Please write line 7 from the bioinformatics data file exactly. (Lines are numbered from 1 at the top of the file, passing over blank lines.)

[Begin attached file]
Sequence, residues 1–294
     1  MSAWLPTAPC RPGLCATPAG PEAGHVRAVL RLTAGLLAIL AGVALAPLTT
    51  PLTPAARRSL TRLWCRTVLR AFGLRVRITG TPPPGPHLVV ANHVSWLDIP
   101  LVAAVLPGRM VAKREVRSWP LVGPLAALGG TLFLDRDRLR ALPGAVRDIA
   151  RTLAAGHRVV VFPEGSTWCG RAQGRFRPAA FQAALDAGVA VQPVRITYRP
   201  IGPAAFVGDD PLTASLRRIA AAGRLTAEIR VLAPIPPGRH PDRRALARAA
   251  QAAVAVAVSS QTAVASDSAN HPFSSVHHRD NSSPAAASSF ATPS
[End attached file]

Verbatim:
   251  QAAVAVAVSS QTAVASDSAN HPFSSVHHRD NSSPAAASSF ATPS